How do you get your reputation to thrive long after you’ve left the room?
You make a great impression in business meetings. You always deliver on your commitments. You are results driven and are an impactful player when it comes to delivering client results. Building the outputs of these behaviors involves two aspects of branding: your personal brand identity and personal brand equity.
Think of brand identity as the icon, the symbol. Brand identity is what most people think of when they first hear the word, “brand.” It’s the Shell symbol that stands for gasoline. It’s the logo of your hometown football team. It’s that bright orange bottle of Tide that stands for laundry. It’s the Ritz-Carlton name that stands for unsurpassed hospitality. The symbol reminds the observer of the product or service, but beyond just a visual reminder, what emotions or impressions are generated as a result of having seen that symbol?
Does that green Starbucks siren sign on the side of the road remind you of relaxing weekends with your spouse, sipping lattes over the morning paper? Or does it recall that one hyper-caffeinated time you studied 12 hours straight for a licensure exam? Brand equity is that emotional or reputational response evoked by the symbol.
When it comes to the branding of you, identity and equity take on very specific forms.
Your identity becomes your name—your signature on an e-mail, when someone sees your name at the start of a memo or a technical report. The equity, on the other hand, is the reputation or emotional response that the observer associates with your name. (“Hey! That’s that LEED architecture expert.” Or “Hey! Isn’t she that super smart project manager who always delivers ahead of schedule?”)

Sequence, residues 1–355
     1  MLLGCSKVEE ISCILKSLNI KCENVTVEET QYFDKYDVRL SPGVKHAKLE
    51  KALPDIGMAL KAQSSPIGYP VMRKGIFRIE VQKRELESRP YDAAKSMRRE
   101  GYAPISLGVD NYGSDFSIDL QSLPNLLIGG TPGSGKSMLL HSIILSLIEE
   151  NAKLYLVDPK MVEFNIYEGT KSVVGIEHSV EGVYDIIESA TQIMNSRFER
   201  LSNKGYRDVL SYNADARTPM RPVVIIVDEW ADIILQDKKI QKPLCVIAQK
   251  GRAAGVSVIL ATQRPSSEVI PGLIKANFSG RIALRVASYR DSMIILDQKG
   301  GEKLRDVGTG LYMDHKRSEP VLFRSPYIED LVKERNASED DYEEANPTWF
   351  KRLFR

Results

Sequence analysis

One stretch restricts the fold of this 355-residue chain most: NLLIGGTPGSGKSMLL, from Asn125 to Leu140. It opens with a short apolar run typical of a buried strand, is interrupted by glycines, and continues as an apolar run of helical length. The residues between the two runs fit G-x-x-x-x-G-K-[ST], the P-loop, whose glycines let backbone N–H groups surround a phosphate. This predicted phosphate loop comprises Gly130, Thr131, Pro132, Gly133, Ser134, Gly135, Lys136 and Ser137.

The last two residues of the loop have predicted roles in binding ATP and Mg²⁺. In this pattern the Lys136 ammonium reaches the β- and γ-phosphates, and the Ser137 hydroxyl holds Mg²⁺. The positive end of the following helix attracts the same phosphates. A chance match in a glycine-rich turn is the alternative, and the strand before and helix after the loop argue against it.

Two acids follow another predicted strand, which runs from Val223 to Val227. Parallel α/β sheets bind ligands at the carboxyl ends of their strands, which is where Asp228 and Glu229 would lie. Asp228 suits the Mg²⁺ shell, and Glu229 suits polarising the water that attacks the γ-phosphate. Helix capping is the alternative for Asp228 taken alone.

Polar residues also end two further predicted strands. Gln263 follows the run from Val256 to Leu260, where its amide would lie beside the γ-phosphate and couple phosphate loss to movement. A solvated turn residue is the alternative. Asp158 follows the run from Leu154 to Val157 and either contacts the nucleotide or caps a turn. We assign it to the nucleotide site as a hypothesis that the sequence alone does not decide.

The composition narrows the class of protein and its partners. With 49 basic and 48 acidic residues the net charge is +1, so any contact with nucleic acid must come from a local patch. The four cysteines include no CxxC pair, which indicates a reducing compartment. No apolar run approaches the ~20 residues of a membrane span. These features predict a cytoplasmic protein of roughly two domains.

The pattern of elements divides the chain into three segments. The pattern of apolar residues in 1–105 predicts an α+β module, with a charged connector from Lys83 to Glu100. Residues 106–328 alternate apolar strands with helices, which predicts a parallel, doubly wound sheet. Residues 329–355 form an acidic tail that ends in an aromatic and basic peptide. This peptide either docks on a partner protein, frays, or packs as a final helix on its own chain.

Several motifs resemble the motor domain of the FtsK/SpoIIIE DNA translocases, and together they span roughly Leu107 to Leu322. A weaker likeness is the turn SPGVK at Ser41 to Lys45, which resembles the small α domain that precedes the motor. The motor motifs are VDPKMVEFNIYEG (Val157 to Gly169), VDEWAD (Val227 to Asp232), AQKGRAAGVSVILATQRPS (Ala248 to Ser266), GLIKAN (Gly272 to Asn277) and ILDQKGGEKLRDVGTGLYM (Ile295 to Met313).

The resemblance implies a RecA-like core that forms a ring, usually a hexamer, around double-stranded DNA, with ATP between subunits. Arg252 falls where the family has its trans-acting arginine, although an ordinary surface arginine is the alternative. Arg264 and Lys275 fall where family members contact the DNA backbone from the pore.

Every second of every interaction you have with others, even if it is only your name interacting as your proxy, you are always being voted on. Your stakeholders, even if only subconsciously, will either vote “positive equity” or “negative equity.” This is sometimes referred to as your “hall file”—those words being said in the side corridors of office buildings, in side conference rooms, in the gates of airplane terminals. If this is the case, then how can one separate brand-equity building from workplace politics? There are several ways to distinguish one from the other but one of the most effective is: results, results, results.
Results distinguish equity from gossip. If you have a data set of strong results that are influential to your colleagues, managers, and clients, the landslide victory will be in favor of a positive, not negative, personal brand equity. Just as product brands build loyal followings, positive equity builds loyal stakeholders—people who back you in your absence who have the results to show for it.
There is a lot of work required to build and maintain a personal brand, but it all begins with being conscious of your brand identity and the brand equity that it evokes.
Published April 30, 2013 by Austin Lin
The views expressed here are those of the author and do not necessarily represent the views of and should not be attributable to the National Society of Professional Engineers.